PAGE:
Love and Consequences: A Memoir of Hope and Survival

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In an unforgettable voice that weaves stunning, forthright narration together with the distinctive, rhythmic slang of the street, Margaret B. Jones brings us movingly into the world of her youth - a world of gangs and poverty, but also of hope and survival - to create a memoir like no other.

At age five, Margaret B. Jones was removed from her suburban California home and put into foster care. At age eight, after many relocations, she landed in a foster home in South Central Los ...

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New York, NY 2008 Hard cover New in new dust jacket. New Glued binding. Paper over boards. With dust jacket. 296 p. Audience: General/trade.

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Overview

In an unforgettable voice that weaves stunning, forthright narration together with the distinctive, rhythmic slang of the street, Margaret B. Jones brings us movingly into the world of her youth - a world of gangs and poverty, but also of hope and survival - to create a memoir like no other.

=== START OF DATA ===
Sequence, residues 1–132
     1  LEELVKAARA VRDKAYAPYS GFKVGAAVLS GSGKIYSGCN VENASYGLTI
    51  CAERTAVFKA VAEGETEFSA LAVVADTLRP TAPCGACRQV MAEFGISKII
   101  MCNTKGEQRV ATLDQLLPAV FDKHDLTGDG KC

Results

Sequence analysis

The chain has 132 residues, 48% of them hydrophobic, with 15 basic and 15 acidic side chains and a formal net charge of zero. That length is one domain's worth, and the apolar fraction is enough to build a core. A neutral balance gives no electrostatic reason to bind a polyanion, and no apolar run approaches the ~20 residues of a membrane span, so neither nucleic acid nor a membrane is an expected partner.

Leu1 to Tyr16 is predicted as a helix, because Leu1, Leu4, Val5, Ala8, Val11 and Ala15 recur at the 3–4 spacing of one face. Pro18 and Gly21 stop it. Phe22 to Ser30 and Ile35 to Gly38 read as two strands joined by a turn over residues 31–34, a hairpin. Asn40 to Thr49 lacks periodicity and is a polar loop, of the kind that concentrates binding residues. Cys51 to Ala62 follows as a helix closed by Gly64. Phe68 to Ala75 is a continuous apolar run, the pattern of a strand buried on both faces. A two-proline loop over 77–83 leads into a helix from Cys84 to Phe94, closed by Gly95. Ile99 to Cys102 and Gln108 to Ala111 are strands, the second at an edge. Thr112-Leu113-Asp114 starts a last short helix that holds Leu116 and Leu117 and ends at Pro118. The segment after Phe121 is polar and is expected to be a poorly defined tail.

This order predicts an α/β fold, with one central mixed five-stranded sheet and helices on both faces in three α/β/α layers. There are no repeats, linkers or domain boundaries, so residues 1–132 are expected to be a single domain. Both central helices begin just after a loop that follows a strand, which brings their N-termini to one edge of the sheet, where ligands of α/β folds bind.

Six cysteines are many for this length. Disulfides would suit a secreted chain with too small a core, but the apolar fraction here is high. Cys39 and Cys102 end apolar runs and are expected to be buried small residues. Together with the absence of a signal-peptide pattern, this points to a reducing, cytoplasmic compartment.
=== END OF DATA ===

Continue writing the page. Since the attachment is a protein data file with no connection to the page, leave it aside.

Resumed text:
At age five, Margaret B. Jones was removed from her suburban California home and put into foster care. At age eight, after many relocations, she landed in a foster home in South Central Los Angeles, the region of gang-ridden neighborhoods made infamous by the Rodney King riots. A part white, part Native American girl, Jones grew up in the predominantly black community in an all-black household run by the formidable “Big Mom,” a stern, single, overworked woman raising four grandchildren for their absent mother. The family’s street was ruled by the Bloods gang, and Jones watched as her beloved older foster brothers were “jumped in” at ages twelve and thirteen. She quickly learned to admire and emulate the lifestyle and within a few years was a member of the gang herself.

Even through the cloud of danger and hardship that surrounds her story of life in the inner city, what resonates most is her portrayal of the human, emotional side of this world - the intimate family relationships and tensions, the life-changing lessons of friendship, and the passion and anguish of smart, philosophical kids like Jones struggling just to imagine a safer life waiting beyond their streets, let alone to find a way out.

In visceral, cinematic storytelling, she shows us a world in which most of her friends and siblings followed a trajectory of crime, imprisonment, pregnancy - and too often, death. Jones herself, however, was determined to beat the odds: a combination of intelligence, will, tenacity, and pure luck provided her with a lifesaving opportunity, a college education, and a way out of the neighborhood. But she has never left behind the lessons and strength she learned there.

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Editorial Reviews